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David P. Taylor, MS 1,2, Nathan C. Hulse, PhD 1,2, Grant M. Wood 2, Peter J. Haug, MD 1,2, Marc S. Williams, MD 1,2 1 University of Utah, Salt Lake City,

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Presentation on theme: "David P. Taylor, MS 1,2, Nathan C. Hulse, PhD 1,2, Grant M. Wood 2, Peter J. Haug, MD 1,2, Marc S. Williams, MD 1,2 1 University of Utah, Salt Lake City,"— Presentation transcript:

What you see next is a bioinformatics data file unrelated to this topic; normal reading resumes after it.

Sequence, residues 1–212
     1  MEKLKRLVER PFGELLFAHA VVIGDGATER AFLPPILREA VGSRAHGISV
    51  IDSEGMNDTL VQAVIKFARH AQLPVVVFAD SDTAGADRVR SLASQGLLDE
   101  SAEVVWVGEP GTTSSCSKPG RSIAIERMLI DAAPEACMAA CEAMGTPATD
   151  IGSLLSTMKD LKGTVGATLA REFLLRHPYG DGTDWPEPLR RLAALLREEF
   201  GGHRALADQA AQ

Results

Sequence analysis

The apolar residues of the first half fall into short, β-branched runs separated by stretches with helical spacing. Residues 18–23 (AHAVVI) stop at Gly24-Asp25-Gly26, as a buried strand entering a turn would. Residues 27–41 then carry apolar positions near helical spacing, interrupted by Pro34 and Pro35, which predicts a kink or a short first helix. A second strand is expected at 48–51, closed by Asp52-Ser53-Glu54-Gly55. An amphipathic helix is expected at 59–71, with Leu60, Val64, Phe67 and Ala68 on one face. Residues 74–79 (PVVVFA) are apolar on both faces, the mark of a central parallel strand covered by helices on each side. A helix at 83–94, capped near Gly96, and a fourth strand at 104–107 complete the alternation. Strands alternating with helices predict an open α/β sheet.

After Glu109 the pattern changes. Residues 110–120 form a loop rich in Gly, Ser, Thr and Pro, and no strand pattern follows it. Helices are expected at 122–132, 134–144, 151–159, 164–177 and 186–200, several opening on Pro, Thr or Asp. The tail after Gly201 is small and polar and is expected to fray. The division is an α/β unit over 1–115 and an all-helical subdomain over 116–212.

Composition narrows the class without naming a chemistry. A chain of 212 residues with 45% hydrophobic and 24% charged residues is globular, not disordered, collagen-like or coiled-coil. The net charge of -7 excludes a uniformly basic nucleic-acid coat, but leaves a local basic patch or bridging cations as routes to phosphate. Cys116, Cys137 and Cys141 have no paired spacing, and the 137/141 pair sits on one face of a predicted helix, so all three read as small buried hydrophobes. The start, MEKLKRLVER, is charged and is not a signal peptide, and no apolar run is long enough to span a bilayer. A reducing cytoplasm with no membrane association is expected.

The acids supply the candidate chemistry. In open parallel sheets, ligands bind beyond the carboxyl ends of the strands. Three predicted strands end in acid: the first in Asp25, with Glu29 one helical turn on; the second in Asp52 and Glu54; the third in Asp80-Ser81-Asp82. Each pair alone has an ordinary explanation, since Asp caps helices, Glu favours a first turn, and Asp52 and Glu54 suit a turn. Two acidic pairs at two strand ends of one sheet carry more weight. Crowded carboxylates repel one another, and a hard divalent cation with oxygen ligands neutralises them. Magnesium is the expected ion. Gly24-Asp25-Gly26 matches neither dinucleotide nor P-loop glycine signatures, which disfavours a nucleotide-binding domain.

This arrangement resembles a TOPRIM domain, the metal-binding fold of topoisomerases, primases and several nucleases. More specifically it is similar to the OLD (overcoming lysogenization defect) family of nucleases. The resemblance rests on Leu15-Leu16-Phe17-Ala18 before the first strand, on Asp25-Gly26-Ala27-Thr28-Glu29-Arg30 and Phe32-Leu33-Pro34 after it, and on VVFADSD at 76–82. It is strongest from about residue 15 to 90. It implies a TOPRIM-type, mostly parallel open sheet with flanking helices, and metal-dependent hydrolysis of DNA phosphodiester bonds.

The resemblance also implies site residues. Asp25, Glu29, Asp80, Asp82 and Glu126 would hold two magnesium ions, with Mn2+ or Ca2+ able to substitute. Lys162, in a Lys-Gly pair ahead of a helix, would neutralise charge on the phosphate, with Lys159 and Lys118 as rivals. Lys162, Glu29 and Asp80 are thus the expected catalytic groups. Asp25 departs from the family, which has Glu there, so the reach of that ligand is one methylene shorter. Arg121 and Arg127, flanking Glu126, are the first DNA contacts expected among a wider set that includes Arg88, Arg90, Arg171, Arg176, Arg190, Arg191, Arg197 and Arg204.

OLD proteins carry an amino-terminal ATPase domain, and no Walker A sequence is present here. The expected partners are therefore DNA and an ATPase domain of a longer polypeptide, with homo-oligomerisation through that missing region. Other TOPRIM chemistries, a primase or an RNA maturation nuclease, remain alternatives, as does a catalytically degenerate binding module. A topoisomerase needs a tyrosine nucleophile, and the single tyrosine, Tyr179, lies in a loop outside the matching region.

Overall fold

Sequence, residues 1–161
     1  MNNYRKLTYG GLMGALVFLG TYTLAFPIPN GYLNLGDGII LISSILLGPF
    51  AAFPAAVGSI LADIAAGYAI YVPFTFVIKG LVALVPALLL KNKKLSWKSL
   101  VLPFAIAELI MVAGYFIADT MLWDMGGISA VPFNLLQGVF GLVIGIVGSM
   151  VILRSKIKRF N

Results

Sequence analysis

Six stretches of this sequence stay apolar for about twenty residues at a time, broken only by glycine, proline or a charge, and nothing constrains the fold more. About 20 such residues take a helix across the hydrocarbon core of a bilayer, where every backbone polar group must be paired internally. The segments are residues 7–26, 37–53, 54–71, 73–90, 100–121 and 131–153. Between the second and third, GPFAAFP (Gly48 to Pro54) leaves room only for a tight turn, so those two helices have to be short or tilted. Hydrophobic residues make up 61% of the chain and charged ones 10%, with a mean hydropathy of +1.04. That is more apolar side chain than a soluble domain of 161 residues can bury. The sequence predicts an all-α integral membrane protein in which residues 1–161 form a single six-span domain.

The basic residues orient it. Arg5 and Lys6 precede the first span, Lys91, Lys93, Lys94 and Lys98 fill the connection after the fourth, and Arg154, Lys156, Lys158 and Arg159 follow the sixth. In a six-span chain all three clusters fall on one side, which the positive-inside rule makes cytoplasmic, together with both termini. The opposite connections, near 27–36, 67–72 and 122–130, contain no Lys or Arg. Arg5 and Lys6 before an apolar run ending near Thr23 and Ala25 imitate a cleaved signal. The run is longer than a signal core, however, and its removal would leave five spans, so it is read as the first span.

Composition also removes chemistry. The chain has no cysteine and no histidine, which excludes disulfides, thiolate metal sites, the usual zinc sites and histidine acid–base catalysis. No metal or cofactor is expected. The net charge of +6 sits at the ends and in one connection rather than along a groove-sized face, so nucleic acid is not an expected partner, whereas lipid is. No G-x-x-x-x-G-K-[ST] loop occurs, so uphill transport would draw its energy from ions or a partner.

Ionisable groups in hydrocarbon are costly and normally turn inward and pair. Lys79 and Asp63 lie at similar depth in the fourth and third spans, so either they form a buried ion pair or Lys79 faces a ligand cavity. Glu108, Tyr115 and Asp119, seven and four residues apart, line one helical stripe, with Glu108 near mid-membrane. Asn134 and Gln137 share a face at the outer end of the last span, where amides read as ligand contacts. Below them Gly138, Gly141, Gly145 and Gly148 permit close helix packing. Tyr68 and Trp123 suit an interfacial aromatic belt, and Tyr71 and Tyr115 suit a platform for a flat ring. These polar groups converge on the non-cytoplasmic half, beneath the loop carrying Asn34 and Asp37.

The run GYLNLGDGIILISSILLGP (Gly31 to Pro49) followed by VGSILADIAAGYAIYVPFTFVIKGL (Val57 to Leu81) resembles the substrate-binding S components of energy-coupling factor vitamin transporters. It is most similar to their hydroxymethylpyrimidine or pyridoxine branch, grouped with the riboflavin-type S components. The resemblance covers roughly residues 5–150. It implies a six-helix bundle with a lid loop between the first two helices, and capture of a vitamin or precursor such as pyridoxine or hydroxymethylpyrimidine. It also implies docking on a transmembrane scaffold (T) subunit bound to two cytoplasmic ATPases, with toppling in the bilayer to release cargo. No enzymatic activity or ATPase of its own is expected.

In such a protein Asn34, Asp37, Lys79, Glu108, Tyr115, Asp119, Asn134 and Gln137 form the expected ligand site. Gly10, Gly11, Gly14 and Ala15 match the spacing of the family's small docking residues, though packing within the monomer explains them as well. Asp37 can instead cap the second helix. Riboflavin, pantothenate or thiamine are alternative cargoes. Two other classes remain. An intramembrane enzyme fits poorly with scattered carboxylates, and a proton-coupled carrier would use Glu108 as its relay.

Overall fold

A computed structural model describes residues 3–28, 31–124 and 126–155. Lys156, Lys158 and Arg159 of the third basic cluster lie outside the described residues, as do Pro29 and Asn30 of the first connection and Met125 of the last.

1 David P. Taylor, MS 1,2, Nathan C. Hulse, PhD 1,2, Grant M. Wood 2, Peter J. Haug, MD 1,2, Marc S. Williams, MD 1,2 1 University of Utah, Salt Lake City, UT; 2 Intermountain Healthcare, Salt Lake City, UT Ideal features for a patient-entered family history and risk assessment tool Methods A literature review on FH data collection and risk assessment was performed. A Web search was conducted to find common FH tools and related health risk assessment (HRA) tools. We documented and categorized features to compare them across tools. Internal team meetings were held to discuss ideal features and reach consensus. Conclusion The utility of current FH tools is limited by the lack of integration with EHRs, lack of data structure, and lack of automated decision support to generate specific clinical recommendations based on assessed risks. Through the application and evaluation of these ideal features in our FH initiative we hope to make important contributions to the research in this field. References 1.Yoon PW, Scheuner MT, Peterson-Oehlke KL, Gwinn M, Faucett A, Khoury MJ. Can Family History be Used as a Tool for Public Health and Preventive Medicine? Genetics in Medicine 2002; 4(4): Qureshi N, Wilson B, Santaguida P, et.al. Collection and Use of Cancer Family History in Primary Care. AHRQ Publication No. 08- E001, October Feero WG, Bigley MB, Brinner KM, et.al. New Standards and Enhanced Utility for Family Health History Information in the Electronic Health Record: An Update from the American Health Information Community's Family Health History Multi-Stakeholder Workgroup. JAMIA preprint, Accessed October 24, Introduction A patient’s FH is a risk factor for a variety of diseases including cardiovascular diseases, various cancers, and diabetes, and can be a powerful tool to identify individuals at risk, particularly in the absence of laboratory or genetic tests. 1 Time pressures limit clinicians’ ability to capture accurate and complete histories and the actions they should take based on the data may not be obvious. Patient self-reported FH data entered through a computer-based tool may potentially be incorporated into an EHR and provide more accurate and complete data for clinicians to act on via decision support tools. Despite these potential advantages, at least in primary care settings few FH tools have been developed and evaluated. 2 As part of an initiative to improve FH collection and related clinical decision support at Intermountain Healthcare, we determined that an exploration of the state-of-the- art was important in confirming our goals and guiding the implementation. 1 Capture Data 2 Assess Risk 3 Support Clinician Decision Making Future Questions to Explore How will social networking trends affect the collection of family medical history? How willing are relatives to share medical data electronically? How will genetic and family history data interact? Could family members’ EHR records be networked in order to calculate familial risk, but in a way that is sensitive to privacy? Family History Core Data Set Selected recommended elements from the American Health Information Community (AHIC) Personalized Health Care Workgroup (PHC) 3 : Relative name (first and last) Numeric identifiers for patient and relatives Age (Full DOB if possible, year at minimum) Age at death Cause of death Ethnicity/Race (self-defined) Biological sex Biological parents identified Consanguinity of parents of proband Disorders (in standard vocabulary to address diagnosis, age of onset, and multiple disorders) Sensitive fields (to indicate restricted access) Text box for annotations Ability to define data sharing status ● Web-based and requires less than 15 minutes to complete ● Preferably, linked to an EHR ● Captures data on at least 1 st and 2 nd degree relatives ● Able to import standards-based, machine readable family history (i.e., already completed previously) ● Based on standardized core data set (see lower left) but also captures context-specific data ● Able to save partial work and store online ● Visual tool to build family tree and health history, not just to display it ● Easy to search or select disorders. Definitions of disorders provided. ● Privacy and security are key considerations ● Collect relevant lab and behavioral data (if not available from EHR) ● Able to modify risk factors to see affects on risk in real time ● Comprehensively assess risk based on family history and behavioral data ● Download family history and assessment in human-readable and standards based machine-readable formats ● Utilize evidence-based models to assess risk ● Provide evidence references and lay-friendly background on how risk is calculated ● Use data from EHR (e.g., labs, vitals) if available in risk assessment ● Provide risk assessment immediately after data entry ● Print friendly view ● Able to import family history data and risk assessment to EHR. However, exclude unnecessary data (e.g., relative names) that may have privacy implications ● Automated notification to clinician of new or updated data ● Evidence-based and actionable recommendations for screening and next steps for care of patient (order sets if possible) ● Evidence references through Infobuttons Contact Information David Taylor ● Addresses disorders that are well-defined, where FH is an established risk factor, and where effective treatments exist. ● Ability to select more than one disorder per relative


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